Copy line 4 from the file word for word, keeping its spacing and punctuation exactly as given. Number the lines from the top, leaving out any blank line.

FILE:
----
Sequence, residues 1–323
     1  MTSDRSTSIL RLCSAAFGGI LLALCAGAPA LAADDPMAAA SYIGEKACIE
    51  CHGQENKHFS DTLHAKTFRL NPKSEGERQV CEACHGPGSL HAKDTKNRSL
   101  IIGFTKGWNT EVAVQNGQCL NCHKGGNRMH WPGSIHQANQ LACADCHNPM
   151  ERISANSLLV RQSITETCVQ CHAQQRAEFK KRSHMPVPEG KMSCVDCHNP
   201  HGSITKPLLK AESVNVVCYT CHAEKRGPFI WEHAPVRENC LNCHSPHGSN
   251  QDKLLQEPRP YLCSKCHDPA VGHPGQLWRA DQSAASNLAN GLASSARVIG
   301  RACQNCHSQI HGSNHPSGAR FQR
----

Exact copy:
   101  IIGFTKGWNT EVAVQNGQCL NCHKGGNRMH WPGSIHQANQ LACADCHNPM